effect of stress on muscles

Good Stress, Bad Stress And The Effect On Your Muscles

Stress in itself is an interesting concept. For the most part, it is considered in a somewhat negative light, in which too much is thought to be bad for both our health and our general well being. This holds particularly true of life stress, which is known to impact us on both an emotional and cognitive level.

the difference between good stress and bad stress
Credit: Flickr / Firesam!

Comparatively, in the world of health and fitness, stress is essential to promoting the growth and development of new muscle tissue, improving aerobic and anaerobic fitness, and increasing muscle strength. By placing the body under new stressors, it is forced to adapt to cope with the increased demands associated with that stressful experience.

This effectively describes the process of training (and the results of training) in its entirety, and revolves around physical stress – or the stress placed on the physical tissues of the body.

But what people forget is that these two types of stress are not completely separate. Life stress can impact the body’s ability to adapt to physical stress in a very large way, and as such, it can actually impact the physical tissues of the body in a very negative manner.

This holds true for muscle tissue in particular, which is affected in a multitude of ways by both life stress and emotional stressors such as anxiety and depression.

Stress and anxiety leads to hormonal changes

First up, extended periods of stress and anxiety can cause a huge change in the body’s ability to manage hormones effectively. During times of stress, the body sees an increased secretion in the hormone cortisol from the adrenal glands.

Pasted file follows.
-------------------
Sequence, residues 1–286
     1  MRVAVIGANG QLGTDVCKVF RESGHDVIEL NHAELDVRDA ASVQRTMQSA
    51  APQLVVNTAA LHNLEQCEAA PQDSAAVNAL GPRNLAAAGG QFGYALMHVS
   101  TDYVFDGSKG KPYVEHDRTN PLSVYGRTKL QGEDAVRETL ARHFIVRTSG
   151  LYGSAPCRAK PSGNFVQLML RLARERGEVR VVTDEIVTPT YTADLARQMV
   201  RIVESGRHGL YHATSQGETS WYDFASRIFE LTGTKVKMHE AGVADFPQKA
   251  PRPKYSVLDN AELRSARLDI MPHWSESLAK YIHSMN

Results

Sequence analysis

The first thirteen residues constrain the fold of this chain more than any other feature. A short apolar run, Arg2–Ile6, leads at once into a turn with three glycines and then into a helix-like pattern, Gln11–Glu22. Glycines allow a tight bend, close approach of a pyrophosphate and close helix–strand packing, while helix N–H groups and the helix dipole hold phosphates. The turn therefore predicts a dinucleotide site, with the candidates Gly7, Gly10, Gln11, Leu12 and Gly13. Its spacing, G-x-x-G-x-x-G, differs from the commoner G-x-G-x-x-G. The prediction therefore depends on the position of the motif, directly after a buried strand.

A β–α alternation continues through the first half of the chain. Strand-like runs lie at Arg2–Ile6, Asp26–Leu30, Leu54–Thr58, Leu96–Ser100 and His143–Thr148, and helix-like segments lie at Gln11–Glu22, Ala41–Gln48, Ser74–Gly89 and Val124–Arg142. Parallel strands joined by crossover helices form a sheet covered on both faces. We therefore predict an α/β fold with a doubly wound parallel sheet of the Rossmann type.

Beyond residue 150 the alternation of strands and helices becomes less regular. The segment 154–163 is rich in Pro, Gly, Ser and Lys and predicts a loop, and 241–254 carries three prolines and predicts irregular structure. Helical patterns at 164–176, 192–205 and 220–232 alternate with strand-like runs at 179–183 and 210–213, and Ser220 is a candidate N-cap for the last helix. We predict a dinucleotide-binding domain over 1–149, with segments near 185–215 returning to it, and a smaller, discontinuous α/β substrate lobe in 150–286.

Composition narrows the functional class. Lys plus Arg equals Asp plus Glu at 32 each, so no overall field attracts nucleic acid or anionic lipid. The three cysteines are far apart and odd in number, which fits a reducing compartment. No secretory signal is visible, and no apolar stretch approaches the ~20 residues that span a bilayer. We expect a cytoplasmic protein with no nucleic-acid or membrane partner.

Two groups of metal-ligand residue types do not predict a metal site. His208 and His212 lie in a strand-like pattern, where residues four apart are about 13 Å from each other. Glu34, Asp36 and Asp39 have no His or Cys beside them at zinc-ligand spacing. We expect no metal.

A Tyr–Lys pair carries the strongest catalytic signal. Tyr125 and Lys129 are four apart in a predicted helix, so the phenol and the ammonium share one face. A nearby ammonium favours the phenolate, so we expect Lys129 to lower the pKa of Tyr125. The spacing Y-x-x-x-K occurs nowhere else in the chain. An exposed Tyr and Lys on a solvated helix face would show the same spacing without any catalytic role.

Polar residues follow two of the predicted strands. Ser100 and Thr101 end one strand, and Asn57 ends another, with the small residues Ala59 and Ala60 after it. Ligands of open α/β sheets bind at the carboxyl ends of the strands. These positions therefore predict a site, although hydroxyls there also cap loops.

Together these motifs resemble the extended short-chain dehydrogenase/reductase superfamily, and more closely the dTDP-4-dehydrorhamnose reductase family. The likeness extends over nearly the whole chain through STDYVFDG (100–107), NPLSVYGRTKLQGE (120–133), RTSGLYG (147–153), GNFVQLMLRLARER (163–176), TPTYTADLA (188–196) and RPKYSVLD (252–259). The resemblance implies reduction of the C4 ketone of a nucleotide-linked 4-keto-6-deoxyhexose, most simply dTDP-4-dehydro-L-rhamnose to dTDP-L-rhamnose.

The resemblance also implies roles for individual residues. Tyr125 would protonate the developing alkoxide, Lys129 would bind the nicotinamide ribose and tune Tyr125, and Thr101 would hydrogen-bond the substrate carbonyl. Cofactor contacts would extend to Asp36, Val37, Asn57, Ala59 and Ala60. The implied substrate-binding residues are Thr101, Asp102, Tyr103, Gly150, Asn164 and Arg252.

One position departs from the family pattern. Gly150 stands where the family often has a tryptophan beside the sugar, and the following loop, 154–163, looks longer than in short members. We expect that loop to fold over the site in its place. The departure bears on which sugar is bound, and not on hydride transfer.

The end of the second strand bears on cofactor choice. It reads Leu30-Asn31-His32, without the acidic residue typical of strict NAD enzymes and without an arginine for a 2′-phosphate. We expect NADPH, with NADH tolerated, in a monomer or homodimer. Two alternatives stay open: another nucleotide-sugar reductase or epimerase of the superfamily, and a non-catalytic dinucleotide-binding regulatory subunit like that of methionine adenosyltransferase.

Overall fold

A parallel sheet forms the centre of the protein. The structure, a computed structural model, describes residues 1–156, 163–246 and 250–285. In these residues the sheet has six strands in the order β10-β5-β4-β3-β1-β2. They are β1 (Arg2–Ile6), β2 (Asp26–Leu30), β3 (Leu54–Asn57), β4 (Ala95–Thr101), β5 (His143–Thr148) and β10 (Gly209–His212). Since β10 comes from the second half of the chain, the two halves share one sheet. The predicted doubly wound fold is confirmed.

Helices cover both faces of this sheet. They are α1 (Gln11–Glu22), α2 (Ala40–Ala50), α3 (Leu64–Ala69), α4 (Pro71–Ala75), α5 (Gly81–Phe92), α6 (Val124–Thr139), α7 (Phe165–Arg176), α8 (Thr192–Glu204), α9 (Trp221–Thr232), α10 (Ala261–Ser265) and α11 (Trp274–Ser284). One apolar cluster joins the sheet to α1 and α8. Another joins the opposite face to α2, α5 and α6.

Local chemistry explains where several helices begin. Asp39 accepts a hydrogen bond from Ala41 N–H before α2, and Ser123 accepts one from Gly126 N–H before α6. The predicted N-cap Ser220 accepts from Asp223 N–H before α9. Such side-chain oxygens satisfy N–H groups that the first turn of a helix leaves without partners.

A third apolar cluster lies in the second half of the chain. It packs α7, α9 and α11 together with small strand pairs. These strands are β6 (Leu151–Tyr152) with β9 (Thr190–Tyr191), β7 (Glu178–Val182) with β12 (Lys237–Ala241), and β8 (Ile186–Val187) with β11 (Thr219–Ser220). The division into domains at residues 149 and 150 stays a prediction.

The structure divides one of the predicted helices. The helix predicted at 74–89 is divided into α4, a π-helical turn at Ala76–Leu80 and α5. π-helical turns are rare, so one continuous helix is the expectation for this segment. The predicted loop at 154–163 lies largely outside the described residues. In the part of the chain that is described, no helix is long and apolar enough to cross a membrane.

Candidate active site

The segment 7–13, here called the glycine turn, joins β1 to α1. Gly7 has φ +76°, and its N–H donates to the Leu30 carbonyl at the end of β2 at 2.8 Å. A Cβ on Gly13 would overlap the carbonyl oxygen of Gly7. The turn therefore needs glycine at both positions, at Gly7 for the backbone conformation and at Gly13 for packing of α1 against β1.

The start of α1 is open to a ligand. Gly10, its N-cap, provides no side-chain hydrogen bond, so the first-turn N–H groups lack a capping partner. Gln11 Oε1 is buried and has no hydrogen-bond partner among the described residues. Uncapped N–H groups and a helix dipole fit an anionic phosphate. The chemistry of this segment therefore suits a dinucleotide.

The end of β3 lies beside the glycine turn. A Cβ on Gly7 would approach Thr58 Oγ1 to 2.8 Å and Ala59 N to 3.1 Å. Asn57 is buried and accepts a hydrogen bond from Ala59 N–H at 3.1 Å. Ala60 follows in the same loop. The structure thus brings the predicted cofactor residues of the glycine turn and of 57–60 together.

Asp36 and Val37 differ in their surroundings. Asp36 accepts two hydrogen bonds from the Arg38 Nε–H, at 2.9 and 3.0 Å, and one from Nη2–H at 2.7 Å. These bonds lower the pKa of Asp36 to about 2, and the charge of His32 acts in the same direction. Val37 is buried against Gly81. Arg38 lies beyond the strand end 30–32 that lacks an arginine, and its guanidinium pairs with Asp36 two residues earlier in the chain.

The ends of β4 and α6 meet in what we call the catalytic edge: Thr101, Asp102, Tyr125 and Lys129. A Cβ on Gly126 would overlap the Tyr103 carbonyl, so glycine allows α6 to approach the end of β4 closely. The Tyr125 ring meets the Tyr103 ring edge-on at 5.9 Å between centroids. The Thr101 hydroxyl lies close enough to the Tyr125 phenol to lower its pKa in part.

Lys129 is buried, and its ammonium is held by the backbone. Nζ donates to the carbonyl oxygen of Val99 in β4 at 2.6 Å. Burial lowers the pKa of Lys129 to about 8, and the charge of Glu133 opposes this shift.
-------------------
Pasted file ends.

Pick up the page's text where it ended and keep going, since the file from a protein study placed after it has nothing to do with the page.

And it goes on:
In stark comparison to our key anabolic hormones, such as testosterone and growth hormone (which promote the growth, development, and repair of muscle tissue), cortisol is known as a catabolic hormone (as it causes the breakdown of tissue).

Cortisol causes the reductions in protein synthesis, accelerates the conversion of protein to glucose, and inhibits the growth of new tissue within the body. This, in the short term, can make it extremely difficult to see any results from our training, as we are in an environment where both promoting muscle growth AND losing fat becomes extremely difficult.

If we are experiencing long term stress and anxiety, we can actually see the deterioration of our muscle tissue (as our rates of breakdown will far exceed our rate of synthesis) and the rapid accumulation of fat mass – all a result of an increased cortisol secretion.

Stress and anxiety increase muscle tension

Stress and anxiety both cause the hyperactivity of the nervous system. This effectively results in the central nervous system providing heightened neural stimulus to the muscles of the body for prolonged periods of time in response to either stress or anxiety.